What’s a Sister?


Schoenstatt Rummage Sale

March 21-22 on 515 S.W. 24th Street in San Antonio (78207). This event is offered at no cost. For more information contact us at vocationministry@cdptexas.org or (210) 587-1135.

March 27-28 from 10 a.m.-2 p.m. at Schoenstatt Movement Center (4343 Gaines St.) in Corpus Christi. Accepting donations beginning March 16-25. For more information call Olivia Botello at (361) 992-9841 or email schcc@mygrande.net.


Marriage Retreat


17th Annual St. Pius X School Golf Classic

March 27-29, 2020. This retreat offers tools based on the Theology of the Body for discovering your spouse anew, the opportunity to meet with a marriage counselor, Spend time together in Eucharistic Adoration, Confession, and a romantic evening of dinner and dancing! A member of our team is a priest who specializes in marriage ministry and a licensed marriage counselor. Register ourladyofcorpuschristi.org or call (361) 289-9095 ext. 321.

March 27 beginning at 1 p.m. at Corpus Christi Country Club (6300 Everhart Road) in Corpus Christi. For more information or to register or

34  South Texas Catholic | March 2020

Rediscovering the Power & 28 create a team go to bit.ly/2020SPX.


Purpose of the Holy Spirit

March 27 and 28 begins at 7 a.m. in the St. Juliana Family Center at Most Precious Blood Parish (3502 Saratoga Boulevard) in Corpus Christi. The Fullness of Truth and the Augustine Institute present “Veni Sancte Spiritu: Rediscovering the Power & Purpose of the Holy Spirit.” Join us for a Friday evening kick-off with music, prayer, and adoration led by hometown artists David and Lauren Moore...and the “Catholic Music Initiative.” Buy tickets now at eventbrite.com/e/ veni-sancte-spiritus-rediscoveringthe-power-purpose-of-the-holyspirit-corpus-christi-2020-tickets89057404093?aff=FoT.

Schoenstatt Marriage Camino

March 28 from 6-8 p.m.in the prayerful setting of the South Texas Botanical Gardens (8545 South Stapes) in Corpus Christi. The Schoenstatt Marriage Camino invites married and engaged couples to follow the pilgrim pathway of your marriage together through a series of 15 stations.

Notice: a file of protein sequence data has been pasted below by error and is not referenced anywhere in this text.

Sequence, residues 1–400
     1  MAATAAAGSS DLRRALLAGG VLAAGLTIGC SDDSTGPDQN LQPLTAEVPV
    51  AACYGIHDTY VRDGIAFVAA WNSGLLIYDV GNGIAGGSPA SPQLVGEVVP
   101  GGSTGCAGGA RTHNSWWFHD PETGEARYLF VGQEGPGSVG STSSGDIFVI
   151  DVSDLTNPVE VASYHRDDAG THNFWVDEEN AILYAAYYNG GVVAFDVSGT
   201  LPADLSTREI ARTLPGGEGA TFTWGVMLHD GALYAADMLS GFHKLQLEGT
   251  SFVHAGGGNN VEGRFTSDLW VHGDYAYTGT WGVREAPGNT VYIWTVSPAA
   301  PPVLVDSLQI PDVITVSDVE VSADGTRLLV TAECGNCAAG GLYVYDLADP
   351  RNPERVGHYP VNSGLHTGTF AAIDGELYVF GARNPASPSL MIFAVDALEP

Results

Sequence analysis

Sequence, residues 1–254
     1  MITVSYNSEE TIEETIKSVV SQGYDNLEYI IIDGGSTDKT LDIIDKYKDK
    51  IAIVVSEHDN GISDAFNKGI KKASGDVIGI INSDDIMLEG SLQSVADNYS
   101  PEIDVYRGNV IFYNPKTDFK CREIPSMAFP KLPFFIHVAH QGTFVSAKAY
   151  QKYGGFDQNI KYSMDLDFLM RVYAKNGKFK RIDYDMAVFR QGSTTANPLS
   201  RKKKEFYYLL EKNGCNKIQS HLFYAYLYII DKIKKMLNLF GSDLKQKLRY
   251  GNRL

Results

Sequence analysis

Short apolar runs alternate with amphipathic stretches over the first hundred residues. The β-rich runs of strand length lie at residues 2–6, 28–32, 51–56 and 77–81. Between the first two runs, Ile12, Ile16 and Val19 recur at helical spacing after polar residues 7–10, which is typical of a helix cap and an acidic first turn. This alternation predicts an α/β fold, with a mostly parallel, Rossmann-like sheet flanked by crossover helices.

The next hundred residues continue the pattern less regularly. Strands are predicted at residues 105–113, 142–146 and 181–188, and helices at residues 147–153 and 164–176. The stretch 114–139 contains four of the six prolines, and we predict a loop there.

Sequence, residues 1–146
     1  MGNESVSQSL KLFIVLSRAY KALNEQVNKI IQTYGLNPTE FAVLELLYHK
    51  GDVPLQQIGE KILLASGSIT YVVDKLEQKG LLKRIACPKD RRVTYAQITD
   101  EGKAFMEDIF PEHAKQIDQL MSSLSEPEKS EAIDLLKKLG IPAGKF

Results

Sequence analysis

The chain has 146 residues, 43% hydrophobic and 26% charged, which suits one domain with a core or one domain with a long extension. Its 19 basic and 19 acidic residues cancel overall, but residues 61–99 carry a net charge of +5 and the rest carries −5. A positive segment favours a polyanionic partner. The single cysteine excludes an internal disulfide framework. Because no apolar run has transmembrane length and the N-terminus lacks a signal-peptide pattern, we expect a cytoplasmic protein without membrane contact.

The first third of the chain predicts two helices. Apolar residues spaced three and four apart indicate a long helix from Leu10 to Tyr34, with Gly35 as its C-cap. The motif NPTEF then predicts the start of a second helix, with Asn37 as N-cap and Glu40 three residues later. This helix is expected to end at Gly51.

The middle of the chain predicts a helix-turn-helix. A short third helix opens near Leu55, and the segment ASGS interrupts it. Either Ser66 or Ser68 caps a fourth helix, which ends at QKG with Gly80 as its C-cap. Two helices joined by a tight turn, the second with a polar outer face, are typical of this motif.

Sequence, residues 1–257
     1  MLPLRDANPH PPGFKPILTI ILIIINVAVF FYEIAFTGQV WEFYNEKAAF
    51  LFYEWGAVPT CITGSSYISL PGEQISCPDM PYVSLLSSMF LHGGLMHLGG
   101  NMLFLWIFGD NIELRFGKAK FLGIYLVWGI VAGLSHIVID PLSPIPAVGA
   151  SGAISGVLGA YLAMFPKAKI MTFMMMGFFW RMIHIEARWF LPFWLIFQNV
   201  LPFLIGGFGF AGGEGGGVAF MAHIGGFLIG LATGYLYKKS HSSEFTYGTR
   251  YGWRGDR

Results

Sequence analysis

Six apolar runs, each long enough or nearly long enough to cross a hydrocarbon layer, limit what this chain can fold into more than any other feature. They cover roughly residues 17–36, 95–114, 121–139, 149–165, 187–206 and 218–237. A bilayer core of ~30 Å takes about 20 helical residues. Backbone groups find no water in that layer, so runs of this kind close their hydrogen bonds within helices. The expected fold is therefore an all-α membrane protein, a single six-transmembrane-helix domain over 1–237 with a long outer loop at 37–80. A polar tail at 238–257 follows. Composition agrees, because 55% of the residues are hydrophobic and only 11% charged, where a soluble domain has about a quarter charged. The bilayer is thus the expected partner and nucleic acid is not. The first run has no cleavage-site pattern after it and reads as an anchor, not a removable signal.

Ss. Cyril and Methodius 15th Annual Gala

March 28 at 6:30 p.m. at Mansion Royal (8001 SPID) in Corpus Christi. There will be a Western Casino Night. For more information call the parish office at (361) 853-7371.

Billings Ovulation Method Natural Family Planning

A two-part NFP series is offered Saturday, March 28 and April 18, at 10 a.m. at St. George Parish in George West. Couples and individuals are invited to learn about the signs of fertility. This series, which includes both dates, and individual chart follow-up sessions will be $50 per couple or individual. Members of St. George Church in George West and St. Joseph Church in Beeville may attend these sessions free of charge. Couples preparing for marriage who complete this entire course (including follow-up meetings) will earn their certificate of completion for NFP in the Diocese of Corpus Christi. The teacher is Elizabeth Nguyen, BOMA Teacher in Practicum. Register online at diocesecc.org/NFP-GW.

To see more calendar events go to:

SouthTexasCatholic.com/events and click on Ongoing

Upcoming Schedule/Horario Fish Fry Fridays of Lent

Los Viernes de Cuaresma


Stations of the Cross Via Crucis

Los Jueves (Español) Fridays(English)

6:30pm 6:30pm

Lenten Penance Service

April 1,2020

Servicio de Penitencia


Palm Sunday

Domingo de Ramos

April 4,2020 5:00pm Mass: Sunday April 5,2020 7am,9am,12am,1pm,5pm,7:30pm Vigil Mass -Saturday

Dine-In or Carry-Out ~ Drive-Thru Available!


$ .75 PER PLATE (Fish may contain bones)

Add on: Fish Plate: 2-Fish Fillets, French Fries, 3 Shrimp - $2.00 Hush Puppies, Coleslaw & Tea 2 Crab Cakes - $3.00

Shrimp Plate: 5 Shrimp, French Fries, Hush Puppies, Coleslaw & Tea

Holy Thursday

Mass of the Lord’s Supper and Foot Wash Santa Misa de la Cena del Señor y Lavado de pies

7:00pm Adoration of the Blessed Sacrament Adoracion del Santísimo Sacramento

8:30pm – 11:00pm

Night Prayer

11:30pm – 12:00am

Good Friday

April 10,2020

Oración Nocturna Viernes Santo

Call in orders to (361) 991-7891


Ye a r O f E v a n g e l i z a t i o n

He left the 99 to rescue me Luke 15:4

April 9,2020

Jueves Santo

Live Stations of the Cross - Gospel Drama Via Crucis en Vivo - Drama Evangélico 11:00am Celebration of the Lord’s Passion Celebración de la Pasión del Señor 3:00pm Holy Saturday

Sábado de Gloria

Easter Vigil Mass Easter Sunday

Domingo de Pascua


April 11, 2020 8:00pm April 12, 2020


5830 WILLIAMS DRIVE ~ CORPUS CHRISTI, TEXAS 78412 ~ 361-991-7891


March 2020 |  South Texas Catholic  35

March 2020 Issue SOUTH TEXAS CATHOLIC 555 N Carancahua St, Ste 750 Corpus Christi, TX 78401-0824 (361) 882-6191

March 21-22

Profile for South Texas Catholic

March 2020 - Vol. 55 No. 3  

In our March Issue we celebrate Bishop Michael Mulvey, by highlighting his accomplishments during his ten years as Bishop of the Diocese of...

March 2020 - Vol. 55 No. 3  

In our March Issue we celebrate Bishop Michael Mulvey, by highlighting his accomplishments during his ten years as Bishop of the Diocese of...

Profile for diocesecc